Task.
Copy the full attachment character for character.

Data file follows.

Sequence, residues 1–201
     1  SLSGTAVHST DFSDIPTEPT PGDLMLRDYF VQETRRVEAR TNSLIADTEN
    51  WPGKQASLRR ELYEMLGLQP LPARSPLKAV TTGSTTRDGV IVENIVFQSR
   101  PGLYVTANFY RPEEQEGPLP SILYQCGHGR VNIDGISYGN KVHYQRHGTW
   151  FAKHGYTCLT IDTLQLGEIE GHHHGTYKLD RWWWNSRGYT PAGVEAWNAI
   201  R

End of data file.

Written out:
Sequence, residues 1–201
     1  SLSGTAVHST DFSDIPTEPT PGDLMLRDYF VQETRRVEAR TNSLIADTEN
    51  WPGKQASLRR ELYEMLGLQP LPARSPLKAV TTGSTTRDGV IVENIVFQSR
   101  PGLYVTANFY RPEEQEGPLP SILYQCGHGR VNIDGISYGN KVHYQRHGTW
   151  FAKHGYTCLT IDTLQLGEIE GHHHGTYKLD RWWWNSRGYT PAGVEAWNAI
   201  R